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Chapter 2 Confucian Humanism

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pp. 39-75

Confucius said of himself, “I transmit, I do not create” (Analects 7.1).1 This statement is partly true, for Confucius’ ambitions, actions, and achievements all were directed toward the preservation and restoration of the rituals of the Zhou, the same tradition of rites and music discussed in the previous chapter. Legend has it that Confucius preserved, popularized, and gave legitimacy to the ancient classics, rites, and traditional...

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Chapter 3 The Daoist-Confucian Synthesis

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pp. 76-116

In The Path of Beauty, I put forward the concept of the mutual complementarity of Confucianism and Daoism. After coming under some degree of criticism, it seems this idea has become widely accepted. Actually, numerous commentators have recognized this fact over the years. It is possible for Confucianism and Daoism to be mutually complementary...

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Chapter 4 Beauty in Deep Emotion

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pp. 117-159

Unlike the North China plain, the site of most of the philosophical debates of pre-Qin China, the ancient state of Chu in South China was an area in which shamanism continued unabated for quite some time. Primitive culture and practices in general persisted longer in this region. The north-south cultural divide in China has deep historical roots, on...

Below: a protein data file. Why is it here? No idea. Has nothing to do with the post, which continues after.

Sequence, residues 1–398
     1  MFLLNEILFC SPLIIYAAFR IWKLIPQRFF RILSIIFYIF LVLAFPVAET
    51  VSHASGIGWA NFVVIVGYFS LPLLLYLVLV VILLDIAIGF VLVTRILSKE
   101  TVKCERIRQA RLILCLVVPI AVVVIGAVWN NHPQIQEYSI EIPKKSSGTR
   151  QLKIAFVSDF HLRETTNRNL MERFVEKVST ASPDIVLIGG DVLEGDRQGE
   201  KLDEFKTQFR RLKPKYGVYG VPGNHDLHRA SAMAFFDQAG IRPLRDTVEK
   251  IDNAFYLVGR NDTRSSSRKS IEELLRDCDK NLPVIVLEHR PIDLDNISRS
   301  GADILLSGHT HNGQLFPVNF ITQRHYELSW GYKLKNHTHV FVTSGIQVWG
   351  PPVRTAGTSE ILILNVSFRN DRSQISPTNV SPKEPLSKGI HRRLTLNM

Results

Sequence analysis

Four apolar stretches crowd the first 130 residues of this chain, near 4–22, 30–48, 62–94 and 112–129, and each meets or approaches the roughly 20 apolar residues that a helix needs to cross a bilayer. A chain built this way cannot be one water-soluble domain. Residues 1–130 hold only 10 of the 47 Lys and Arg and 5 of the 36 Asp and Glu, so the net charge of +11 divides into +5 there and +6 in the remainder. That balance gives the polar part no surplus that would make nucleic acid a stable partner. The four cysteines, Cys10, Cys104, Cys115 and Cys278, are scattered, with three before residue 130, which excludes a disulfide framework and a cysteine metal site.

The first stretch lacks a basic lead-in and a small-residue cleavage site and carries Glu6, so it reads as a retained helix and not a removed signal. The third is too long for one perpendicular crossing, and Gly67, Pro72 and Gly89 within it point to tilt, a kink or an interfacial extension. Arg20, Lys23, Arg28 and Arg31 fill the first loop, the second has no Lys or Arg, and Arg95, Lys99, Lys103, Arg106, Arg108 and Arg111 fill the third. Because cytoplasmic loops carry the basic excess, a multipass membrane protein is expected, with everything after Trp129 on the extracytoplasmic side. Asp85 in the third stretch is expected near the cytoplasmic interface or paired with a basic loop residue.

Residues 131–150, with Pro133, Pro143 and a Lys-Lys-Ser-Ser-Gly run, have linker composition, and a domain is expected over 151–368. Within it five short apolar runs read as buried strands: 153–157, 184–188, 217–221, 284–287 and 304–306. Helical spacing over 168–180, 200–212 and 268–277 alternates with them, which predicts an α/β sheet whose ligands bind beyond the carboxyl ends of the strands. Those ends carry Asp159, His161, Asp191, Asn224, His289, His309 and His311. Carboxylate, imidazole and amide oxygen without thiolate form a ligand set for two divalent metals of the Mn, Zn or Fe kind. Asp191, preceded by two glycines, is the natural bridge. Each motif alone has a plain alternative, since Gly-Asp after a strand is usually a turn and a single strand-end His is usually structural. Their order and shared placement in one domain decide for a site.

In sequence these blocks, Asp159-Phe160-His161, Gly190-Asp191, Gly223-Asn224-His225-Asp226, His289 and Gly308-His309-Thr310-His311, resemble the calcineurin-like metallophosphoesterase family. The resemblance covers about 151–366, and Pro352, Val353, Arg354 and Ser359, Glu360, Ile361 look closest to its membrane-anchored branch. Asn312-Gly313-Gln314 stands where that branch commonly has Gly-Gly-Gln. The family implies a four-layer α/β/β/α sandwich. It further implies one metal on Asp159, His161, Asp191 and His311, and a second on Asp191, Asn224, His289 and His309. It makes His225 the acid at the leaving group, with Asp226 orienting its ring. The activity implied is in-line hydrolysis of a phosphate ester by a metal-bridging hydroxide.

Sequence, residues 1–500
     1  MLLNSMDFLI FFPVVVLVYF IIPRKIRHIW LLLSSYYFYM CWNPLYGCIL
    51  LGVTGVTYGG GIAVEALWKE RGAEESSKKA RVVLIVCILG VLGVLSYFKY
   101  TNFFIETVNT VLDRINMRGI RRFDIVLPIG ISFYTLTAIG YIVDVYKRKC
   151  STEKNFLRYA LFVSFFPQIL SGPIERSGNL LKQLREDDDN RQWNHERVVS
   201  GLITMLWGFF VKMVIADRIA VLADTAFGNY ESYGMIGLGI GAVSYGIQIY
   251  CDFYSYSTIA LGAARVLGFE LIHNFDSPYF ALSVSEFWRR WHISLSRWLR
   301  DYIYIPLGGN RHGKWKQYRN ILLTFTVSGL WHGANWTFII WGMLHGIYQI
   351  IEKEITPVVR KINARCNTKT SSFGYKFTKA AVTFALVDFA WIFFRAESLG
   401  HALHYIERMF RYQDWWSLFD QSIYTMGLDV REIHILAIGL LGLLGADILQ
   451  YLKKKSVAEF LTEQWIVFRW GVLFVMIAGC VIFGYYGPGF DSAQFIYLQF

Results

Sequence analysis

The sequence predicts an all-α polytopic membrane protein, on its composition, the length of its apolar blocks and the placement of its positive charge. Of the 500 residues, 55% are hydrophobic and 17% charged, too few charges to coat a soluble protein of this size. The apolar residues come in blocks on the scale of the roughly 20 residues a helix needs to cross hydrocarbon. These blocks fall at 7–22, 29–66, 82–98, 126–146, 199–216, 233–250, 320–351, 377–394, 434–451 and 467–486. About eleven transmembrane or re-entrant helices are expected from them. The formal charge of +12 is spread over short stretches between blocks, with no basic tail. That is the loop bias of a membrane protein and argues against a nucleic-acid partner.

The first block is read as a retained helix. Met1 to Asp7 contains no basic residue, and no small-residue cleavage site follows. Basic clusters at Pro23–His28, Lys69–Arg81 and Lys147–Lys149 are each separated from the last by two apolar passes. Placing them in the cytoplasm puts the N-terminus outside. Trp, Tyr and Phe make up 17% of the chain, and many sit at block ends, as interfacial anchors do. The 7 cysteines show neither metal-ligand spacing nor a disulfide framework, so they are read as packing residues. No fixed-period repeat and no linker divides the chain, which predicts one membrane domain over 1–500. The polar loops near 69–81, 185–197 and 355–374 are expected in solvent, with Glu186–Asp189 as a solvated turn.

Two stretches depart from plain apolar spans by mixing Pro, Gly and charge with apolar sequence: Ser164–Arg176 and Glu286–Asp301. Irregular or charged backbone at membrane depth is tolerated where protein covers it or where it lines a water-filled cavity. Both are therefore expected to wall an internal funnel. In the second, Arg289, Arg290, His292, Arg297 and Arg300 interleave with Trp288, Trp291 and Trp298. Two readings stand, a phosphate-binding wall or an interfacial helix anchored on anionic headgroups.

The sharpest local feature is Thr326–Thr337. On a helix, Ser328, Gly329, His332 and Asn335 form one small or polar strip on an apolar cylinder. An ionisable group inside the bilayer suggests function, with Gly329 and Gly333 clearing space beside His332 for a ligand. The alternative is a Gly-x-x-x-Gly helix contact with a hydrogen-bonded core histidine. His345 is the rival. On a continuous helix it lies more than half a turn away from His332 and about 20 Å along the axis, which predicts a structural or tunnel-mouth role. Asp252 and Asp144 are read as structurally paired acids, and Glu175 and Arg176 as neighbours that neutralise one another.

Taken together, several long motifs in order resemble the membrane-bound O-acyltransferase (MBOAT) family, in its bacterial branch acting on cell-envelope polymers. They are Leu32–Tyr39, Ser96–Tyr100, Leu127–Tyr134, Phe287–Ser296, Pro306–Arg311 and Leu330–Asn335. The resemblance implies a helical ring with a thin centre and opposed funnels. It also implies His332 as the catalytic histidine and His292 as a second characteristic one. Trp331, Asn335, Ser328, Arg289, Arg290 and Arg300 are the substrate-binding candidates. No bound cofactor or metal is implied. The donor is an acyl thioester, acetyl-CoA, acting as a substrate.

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Chapter 5 Metaphysical Pursuits

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pp. 160-193

The arrival of Buddhism in China was an event of tremendous significance for the history of Chinese culture. How to receive the new religion became a crucial ideological question that would occupy the Confucian-centered Chinese cultural tradition for hundreds of years and evoke a brilliant array of responses. In every field, from literature and art to faith and philosophy, the question arose as to whether to reject or assimilate, convert...

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Chapter 6 Toward Modernity

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pp. 194-222

After a peak, a decline always begins. The decline will end either in a gradual disappearance or in change. This was the case for traditional Confucianism and also for the literary and aesthetic tradition that developed under the tutelage of Confucian thought. By “decline” here I refer to the fact that, having attained a summit of sorts in the work of Zhu Xi, Wang Yangming (1472–1529), and other Song and Ming thinkers, Confucian philosophy never again experienced the same level of development and innovation. Corresponding...

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Epilogue

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pp. 223-224

Confucius said, “One who warms up the old in order to know the new can be a teacher” (Analects 2.11). The purpose of looking back is in order, through history, to discover oneself, grasp the present, and determine the future. It is the means of understanding one’s current situation and of looking ahead to one’s prospects for the future. All of...

Notes

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pp. 225-248

Index

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pp. 249-257


E-ISBN-13: 9780824837624
Print-ISBN-13: 9780824833077

Publication Year: 2010